Someone else may correct me, but I don't believe there is any way to answer that query except by brute force (which is, of course, the point). A strong hashing algorithm returns effectively random output for even small changes in the input, so they are specifically designed so that you can't do exactly what you are trying to do. If you were able to guess an input that hashed with a certain suffix, you would effectively be well on your way to a collision attack, which SHA256 is still secure against. However, if you know what their proof of work system is, then you can take advantage of that simple fact.
This is what I would do:
- I would calculate the SHA256 hash of 10-20 million numbers (however many my computer can calculate in a reasonable amount of time).
- If, for instance, I calculated the SHA256 hash of the first 16 million numbers, I would expect that to give me roughly 5 million unique 6 character suffixes (I'm guessing wildly here)
- That means that, if asked for a string that hashes to a random 6 character suffix, then my list with ~5 million unique 6 character suffixes has a 30% chance of containing the answer.
- Since the lookup is effectively instant, that means that I can answer the challenge 30% of the time with no further effort.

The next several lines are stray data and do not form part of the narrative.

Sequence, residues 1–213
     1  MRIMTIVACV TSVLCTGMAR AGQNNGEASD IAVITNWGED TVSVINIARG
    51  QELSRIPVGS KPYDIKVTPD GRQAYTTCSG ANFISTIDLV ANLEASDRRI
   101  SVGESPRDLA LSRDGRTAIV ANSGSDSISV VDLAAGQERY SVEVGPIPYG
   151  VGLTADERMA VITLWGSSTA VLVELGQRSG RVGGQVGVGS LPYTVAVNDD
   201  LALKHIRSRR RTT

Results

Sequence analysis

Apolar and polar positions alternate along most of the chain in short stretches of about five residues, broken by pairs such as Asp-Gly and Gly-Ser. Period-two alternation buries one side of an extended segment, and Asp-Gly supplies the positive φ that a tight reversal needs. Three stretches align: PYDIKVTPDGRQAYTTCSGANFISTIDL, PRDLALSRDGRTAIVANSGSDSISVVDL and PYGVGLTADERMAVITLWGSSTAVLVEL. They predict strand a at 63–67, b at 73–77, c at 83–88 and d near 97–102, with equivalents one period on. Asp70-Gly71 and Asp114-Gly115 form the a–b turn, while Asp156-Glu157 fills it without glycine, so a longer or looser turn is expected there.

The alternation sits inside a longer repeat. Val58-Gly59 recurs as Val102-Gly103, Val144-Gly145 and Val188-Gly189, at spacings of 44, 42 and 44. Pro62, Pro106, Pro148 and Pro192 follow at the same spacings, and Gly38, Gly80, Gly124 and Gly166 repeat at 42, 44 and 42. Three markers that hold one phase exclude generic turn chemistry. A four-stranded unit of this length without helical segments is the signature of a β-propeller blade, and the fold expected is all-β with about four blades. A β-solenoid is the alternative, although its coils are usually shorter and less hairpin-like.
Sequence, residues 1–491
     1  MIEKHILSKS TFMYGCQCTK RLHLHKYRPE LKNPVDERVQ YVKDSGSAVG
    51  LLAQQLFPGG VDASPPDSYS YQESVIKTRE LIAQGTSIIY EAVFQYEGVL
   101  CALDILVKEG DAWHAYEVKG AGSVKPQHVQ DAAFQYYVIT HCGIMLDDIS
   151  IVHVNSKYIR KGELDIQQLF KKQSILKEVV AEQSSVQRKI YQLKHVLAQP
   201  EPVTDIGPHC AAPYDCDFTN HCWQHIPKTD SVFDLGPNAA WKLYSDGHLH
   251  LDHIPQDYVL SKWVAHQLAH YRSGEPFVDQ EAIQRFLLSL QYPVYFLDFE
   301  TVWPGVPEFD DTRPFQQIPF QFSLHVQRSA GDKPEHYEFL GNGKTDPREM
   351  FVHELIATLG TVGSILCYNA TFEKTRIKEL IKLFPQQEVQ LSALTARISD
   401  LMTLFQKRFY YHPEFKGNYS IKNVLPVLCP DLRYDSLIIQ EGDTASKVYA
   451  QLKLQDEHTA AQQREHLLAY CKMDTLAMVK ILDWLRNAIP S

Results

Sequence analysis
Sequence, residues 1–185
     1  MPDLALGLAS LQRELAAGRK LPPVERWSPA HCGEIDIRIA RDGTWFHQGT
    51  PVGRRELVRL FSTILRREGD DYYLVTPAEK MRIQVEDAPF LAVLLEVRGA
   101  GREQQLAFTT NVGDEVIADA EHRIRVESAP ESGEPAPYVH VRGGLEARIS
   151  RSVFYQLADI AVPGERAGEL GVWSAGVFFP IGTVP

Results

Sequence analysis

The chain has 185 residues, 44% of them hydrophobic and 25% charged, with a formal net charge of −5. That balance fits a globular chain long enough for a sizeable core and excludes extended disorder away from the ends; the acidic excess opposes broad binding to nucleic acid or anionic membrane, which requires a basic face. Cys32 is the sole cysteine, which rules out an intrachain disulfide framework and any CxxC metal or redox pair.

- Therefore, while my DoS has lost some of its effectiveness, I can still get through!
If you have a fast CPU and can calculate hashes quickly then you can try to increase your pool of unique siffixes (i.e. hash more numbers). Note that it doesn't actually matter what you hash - only the number of unique things you hash, since each one will give you a new hash and, potentially, a new unique suffix.
The key here is that trying to match a random 6 character suffix will take you on average ~32,000,000 attempts. However, if you just store the random suffixes of those attempts and build a lookup table, you'll likely end up with a database that gives you a decent-enough success ratio without having to do further hashing calculations.
How successful something like this would be depends a lot on the specifics of the problem, but it's probably your best bet. For reference, hashing rates for SHA256 on "standard" GPUs are usually somewhere between 1 Mhash/s and 1000 Mhash/s. This means that if you have even a low-end GPU laying around (1 Mhash/s) you can hash 100,000,000 unique inputs in just a couple of minutes. Estimating off the top of my head, I expect that with 100,000,000 hashes you could probably land a hit in your lookup table for about 75% of their challenges.